Attorney General Scott Pruitt announced Oklahoma along with 20 other states filed a complaint in federal court challenging the United States Department of Labor’s new overtime rule.
If implemented, the new rule (without congressional approval) will more than double the minimum salary overtime threshold for public and private workers. The impact for businesses and state and local governments is a substantial increase in their employment costs, which may force them to eliminate some services and even layoff employees. The complaint urges the court to prevent the implementation of the new rule before it takes effect, which is scheduled for December 1, 2016.
“The policy discussion surrounding the minimum wage is ongoing at both the Congressional and state levels through meaningful debate. But now the President, as he has time and again, is stepping in to stop the debate by imposing his policies arbitrarily and unlawfully. The President does not have the authority to dictate to Oklahoma or any other state how they should budget state employee salaries,” Pruitt said. “Working families across the state could face increased hardships resulting from this new rule, such as hours being reduced, salaries being slashed, and overtime hours going unrecognized. This is yet another example of the administration’s ongoing efforts to reach beyond its constitutional authority, ultimately costing Oklahomans their jobs and the state millions of dollars.”
On March 13, 2014, President Obama ordered the Department of Labor to revise the Fair Labor Standards Act’s overtime exemption for executive, administrative and professional employees – the so-called “white collar” exemption – to account for the federal minimum wage. On May 23, 2016, the Department of Labor issued the final new overtime rule, which doubles the salary-level threshold for employees to be exempt from overtime. After December 1, 2016, all employees are entitled to overtime pay if they earn less than $913 a week – including state and local government employees – even if they perform executive, administrative, professional or other white collar jobs. Additionally, the new rule contains a ratcheting mechanism to automatically increase the salary-level every three years without going through the standard rule-making process required by federal law.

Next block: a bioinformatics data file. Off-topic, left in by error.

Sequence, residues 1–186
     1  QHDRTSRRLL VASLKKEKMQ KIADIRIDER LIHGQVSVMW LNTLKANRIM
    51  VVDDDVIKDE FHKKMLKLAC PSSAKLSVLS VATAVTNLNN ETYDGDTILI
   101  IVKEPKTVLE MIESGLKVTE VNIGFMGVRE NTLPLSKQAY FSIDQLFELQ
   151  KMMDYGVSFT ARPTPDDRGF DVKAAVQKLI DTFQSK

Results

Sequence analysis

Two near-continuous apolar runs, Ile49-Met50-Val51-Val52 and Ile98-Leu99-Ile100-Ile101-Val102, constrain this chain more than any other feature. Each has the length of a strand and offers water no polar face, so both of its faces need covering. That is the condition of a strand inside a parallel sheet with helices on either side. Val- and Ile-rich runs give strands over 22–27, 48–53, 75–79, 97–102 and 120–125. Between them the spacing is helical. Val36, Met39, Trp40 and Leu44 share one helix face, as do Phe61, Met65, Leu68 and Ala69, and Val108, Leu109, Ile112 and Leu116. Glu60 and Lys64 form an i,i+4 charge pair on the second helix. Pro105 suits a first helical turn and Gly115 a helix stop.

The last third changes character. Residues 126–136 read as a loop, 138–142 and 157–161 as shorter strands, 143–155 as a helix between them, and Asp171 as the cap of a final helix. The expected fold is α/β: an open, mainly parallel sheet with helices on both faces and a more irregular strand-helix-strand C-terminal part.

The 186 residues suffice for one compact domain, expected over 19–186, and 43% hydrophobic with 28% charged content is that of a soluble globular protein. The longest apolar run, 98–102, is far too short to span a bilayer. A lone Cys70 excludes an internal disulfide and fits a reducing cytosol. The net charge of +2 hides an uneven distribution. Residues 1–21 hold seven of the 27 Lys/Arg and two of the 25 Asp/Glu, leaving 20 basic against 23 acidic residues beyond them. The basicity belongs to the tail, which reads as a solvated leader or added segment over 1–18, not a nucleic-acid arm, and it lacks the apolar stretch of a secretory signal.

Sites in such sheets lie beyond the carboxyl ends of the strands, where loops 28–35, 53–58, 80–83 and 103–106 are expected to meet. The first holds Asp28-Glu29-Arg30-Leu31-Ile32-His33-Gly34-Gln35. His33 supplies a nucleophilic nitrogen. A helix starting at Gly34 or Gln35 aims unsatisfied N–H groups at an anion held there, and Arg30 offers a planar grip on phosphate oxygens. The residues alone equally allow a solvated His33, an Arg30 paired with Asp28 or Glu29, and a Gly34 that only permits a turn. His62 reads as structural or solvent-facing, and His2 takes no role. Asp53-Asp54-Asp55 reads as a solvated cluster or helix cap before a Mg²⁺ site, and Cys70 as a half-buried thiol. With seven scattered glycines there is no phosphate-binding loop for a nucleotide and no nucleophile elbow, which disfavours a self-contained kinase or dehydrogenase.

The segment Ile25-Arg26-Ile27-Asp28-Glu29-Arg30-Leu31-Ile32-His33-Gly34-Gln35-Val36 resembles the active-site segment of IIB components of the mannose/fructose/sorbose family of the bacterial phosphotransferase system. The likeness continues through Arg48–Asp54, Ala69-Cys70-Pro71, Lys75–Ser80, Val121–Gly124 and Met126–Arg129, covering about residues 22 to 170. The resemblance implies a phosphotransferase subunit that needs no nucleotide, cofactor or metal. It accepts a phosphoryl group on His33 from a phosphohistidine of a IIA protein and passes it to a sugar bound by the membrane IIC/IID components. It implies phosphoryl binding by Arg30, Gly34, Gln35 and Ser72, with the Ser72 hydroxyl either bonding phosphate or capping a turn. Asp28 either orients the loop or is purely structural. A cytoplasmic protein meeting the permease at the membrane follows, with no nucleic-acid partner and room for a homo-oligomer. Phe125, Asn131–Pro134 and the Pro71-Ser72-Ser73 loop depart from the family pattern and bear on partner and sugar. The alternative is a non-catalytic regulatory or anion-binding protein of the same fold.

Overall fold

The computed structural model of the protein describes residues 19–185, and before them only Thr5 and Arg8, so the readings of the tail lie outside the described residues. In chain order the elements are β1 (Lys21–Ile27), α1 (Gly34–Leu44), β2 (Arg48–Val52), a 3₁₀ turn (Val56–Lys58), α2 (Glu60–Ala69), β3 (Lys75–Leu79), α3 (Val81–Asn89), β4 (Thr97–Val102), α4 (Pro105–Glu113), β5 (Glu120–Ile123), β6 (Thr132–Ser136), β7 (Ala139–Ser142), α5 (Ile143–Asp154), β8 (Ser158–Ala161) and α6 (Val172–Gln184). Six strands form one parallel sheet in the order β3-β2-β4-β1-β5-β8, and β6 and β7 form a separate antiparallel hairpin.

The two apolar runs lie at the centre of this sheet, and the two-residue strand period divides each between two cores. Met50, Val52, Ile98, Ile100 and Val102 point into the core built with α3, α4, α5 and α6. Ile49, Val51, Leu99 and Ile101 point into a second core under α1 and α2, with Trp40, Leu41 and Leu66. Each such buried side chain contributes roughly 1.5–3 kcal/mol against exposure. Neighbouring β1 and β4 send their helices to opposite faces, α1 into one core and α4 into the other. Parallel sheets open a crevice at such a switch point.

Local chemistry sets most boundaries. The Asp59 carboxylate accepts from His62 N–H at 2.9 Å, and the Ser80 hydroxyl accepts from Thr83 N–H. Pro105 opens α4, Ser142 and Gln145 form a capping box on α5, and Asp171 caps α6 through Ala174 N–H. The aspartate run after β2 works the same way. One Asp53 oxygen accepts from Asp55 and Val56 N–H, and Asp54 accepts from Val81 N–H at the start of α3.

States joining Oklahoma in opposition of the new rule are Alabama, Arizona, Arkansas, Georgia, Indiana, Iowa, Kansas, Kentucky, Louisiana, Maine, Michigan, Mississippi, Nebraska, New Mexico, Nevada, Ohio, South Carolina, Texas, Utah and Wisconsin.
State Rep. Charles Ortega voiced support for Pruitt and his stance against the Obama administration’s new overtime rule.
“I want to thank Attorney General Pruitt for reacting quickly and supporting Oklahoma small and large businesses from federal overreach,” said Ortega, R-Altus. “I stand with him and will support him and his efforts.
“I am outraged that if this new overtime rule is implemented it will double the minimum salary overtime threshold for workers both public and private, all without Congressional authorization.”